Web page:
There has been much talk in the media about the potential impact of the coronavirus-related lockdowns on our climate as well as whether environmental correlations with the virus exist. How big is the decrease in emissions and air pollution? And is there any long term significance in this decrease? These are the questions mostly for our Atmospheric Research Infrastructures. Read below about their activities to response to these questions.
Reduced urban emissions
✦ ICOS continues to provide data on greenhouse gases; there has been a lot of interest to it during the lockdown. ICOS has intensified its media and communications efforts in order to respond to the demand of information: A recent ICOS study shows a clear reduction in urban CO2 emissions as a result of COVID-19 lockdowns; a visible change, albeit very small when considering the entire atmosphere. ✦ To better understand how ICOS contributes, watch the ICOS CO2ffee video. The video answers questions such as “To what extend could a temporary drop in CO2 emissions have a long-term effect on the global climate? Can we, after recovering from the COVID-19 crisis, ensure a green recovery, or is it more likely that we will just go back to ‘normal’?”
New Data sets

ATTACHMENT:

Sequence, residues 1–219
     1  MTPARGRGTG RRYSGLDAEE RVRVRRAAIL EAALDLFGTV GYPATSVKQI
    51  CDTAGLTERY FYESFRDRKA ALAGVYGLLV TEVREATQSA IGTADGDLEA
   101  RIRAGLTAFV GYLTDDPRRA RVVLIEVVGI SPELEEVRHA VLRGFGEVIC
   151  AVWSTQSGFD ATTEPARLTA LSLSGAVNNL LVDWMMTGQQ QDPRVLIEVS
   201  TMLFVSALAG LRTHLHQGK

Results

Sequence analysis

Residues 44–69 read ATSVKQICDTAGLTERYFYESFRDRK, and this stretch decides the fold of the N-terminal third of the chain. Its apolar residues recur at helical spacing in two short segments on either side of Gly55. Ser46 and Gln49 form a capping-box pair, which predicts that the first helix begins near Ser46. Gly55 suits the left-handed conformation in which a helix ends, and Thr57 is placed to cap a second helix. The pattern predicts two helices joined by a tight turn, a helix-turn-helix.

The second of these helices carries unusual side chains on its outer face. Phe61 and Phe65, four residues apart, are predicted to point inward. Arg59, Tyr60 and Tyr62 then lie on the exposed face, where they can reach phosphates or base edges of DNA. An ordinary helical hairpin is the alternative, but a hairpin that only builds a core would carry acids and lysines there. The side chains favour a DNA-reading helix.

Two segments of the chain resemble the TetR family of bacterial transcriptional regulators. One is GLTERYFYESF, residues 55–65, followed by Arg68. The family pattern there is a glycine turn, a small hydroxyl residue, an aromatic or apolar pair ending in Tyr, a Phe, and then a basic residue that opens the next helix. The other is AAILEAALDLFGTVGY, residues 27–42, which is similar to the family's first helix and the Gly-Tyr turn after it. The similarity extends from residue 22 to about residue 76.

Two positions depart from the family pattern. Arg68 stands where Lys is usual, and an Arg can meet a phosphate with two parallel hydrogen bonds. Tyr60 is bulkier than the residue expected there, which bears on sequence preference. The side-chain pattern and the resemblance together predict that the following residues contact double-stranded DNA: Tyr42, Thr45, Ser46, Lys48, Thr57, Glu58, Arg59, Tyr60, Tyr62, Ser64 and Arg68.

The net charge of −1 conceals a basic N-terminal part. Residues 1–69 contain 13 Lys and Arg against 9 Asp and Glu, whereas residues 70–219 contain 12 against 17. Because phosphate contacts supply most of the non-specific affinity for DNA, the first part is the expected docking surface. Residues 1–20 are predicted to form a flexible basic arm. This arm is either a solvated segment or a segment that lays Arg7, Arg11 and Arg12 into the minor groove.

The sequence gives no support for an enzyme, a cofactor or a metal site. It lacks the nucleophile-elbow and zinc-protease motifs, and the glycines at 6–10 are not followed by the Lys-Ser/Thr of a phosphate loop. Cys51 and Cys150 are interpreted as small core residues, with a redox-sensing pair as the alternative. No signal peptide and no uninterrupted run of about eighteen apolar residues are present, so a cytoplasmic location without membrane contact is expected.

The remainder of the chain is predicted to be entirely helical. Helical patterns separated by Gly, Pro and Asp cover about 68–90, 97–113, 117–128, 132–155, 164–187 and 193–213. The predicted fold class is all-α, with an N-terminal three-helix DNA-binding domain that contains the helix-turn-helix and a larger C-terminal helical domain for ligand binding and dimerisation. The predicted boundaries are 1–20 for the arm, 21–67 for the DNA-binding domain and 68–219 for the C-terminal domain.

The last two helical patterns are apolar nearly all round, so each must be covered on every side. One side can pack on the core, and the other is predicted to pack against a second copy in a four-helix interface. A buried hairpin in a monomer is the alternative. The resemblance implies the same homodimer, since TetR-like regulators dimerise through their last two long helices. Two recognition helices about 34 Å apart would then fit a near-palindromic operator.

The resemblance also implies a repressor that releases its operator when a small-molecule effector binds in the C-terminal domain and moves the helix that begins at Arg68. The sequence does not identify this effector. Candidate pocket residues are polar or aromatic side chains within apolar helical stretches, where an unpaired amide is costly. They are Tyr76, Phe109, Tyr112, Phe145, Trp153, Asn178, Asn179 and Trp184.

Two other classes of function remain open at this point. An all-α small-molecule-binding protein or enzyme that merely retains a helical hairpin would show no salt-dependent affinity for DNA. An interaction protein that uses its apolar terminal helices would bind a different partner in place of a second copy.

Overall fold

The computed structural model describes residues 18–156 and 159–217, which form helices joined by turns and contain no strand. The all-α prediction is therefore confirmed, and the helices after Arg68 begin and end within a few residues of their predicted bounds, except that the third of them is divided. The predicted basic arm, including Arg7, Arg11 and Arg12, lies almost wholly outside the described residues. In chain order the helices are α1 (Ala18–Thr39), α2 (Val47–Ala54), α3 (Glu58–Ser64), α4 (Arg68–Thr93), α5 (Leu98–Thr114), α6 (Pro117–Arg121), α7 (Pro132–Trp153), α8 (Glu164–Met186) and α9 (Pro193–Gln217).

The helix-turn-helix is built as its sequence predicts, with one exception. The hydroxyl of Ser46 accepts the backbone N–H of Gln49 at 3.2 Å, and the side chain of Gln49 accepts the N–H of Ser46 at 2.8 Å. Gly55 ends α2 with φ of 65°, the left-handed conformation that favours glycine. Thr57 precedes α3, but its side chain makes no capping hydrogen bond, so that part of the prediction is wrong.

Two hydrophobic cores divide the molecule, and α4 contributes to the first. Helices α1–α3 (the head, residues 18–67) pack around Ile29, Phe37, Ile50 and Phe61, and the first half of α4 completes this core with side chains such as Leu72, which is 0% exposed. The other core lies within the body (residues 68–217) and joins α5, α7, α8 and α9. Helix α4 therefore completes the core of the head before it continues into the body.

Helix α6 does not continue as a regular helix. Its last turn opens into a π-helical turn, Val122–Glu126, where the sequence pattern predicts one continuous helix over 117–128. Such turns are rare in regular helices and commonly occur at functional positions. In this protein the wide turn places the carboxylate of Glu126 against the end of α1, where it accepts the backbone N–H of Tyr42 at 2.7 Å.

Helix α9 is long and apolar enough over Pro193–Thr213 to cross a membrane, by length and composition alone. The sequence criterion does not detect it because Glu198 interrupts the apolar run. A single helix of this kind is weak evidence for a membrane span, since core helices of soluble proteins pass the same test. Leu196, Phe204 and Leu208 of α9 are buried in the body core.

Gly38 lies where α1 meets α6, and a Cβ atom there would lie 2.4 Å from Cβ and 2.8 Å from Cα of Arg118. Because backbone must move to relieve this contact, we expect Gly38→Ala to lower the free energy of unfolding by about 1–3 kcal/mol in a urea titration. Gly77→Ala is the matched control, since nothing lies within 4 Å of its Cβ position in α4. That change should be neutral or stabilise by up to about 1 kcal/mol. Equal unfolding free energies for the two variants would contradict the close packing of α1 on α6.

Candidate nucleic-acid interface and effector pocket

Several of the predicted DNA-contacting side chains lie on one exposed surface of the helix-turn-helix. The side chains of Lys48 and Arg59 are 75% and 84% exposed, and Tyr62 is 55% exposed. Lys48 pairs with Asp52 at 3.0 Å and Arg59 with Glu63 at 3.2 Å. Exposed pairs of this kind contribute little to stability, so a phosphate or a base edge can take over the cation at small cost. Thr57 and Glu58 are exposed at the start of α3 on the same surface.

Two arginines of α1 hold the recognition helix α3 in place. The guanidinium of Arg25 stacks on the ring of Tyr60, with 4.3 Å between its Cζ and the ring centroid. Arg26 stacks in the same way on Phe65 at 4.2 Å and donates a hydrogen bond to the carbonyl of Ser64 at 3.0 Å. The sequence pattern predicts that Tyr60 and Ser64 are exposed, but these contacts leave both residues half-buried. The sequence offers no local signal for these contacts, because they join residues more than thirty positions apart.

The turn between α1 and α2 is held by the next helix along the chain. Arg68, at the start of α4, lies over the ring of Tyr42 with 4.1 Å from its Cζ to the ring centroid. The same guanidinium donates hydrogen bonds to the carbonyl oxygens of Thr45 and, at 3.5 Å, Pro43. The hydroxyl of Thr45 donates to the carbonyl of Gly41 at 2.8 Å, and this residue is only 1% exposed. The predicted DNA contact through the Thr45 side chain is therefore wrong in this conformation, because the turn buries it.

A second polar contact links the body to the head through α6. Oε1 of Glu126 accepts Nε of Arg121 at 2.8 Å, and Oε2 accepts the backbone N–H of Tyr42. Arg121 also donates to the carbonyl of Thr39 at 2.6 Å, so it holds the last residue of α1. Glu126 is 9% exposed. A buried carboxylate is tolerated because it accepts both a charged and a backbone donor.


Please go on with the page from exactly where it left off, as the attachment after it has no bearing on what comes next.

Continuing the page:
✦ ACTRIS will prepare specific, user-friendly data sets of the atmospheric observations for various user groups when the lockdown situation is over. These will be useful for further detailed studies and analysis of the environmental and societal impacts of COVID-19, and the closing down of several sectors of society, e.g. transport, industry, and services. ✦ On top of the regular ACTRIS data collection, a COVID-19 NRT lidar measurement campaign was organized to answer, on behalf of its users, the question: “Can we quantify the impact of decreased emissions on the state of the atmosphere outside the urban areas, on a time-span of several weeks?”. As an active contributor to ACTRIS, EARLINET has intensifies its regular lidar measurements in order to provide a scientifically relevant answer. Results are published in weekly reports. ✦ The German Aerospace Center DLR, a member of EUFAR, is conducting airborne observations to study the impact of COVID-19 lockdowns and transport restrictions on atmospheric composition. ✦ eLTER, in anticipation of long-term needs and unforeseen global changes, will utilize their network of socio-ecological research platforms (LTSER Platforms) and their teams to consider the characteristics of diverse geographic regions that will likely be important during the post-pandemic period recovery and adaptation to new social, economic and environmental realities. Furthermore – having the capacity and infrastructure to monitor short to long term impacts of the socio-economic impacts of policy responses to COVID-19 on water/soil/air quality, ecosystem functioning and ecosystem services – eLTER can answer crucial pandemic-related questions such as whether there will be a long term effect of this pandemic on securing food production and other life-supporting ecosystem services.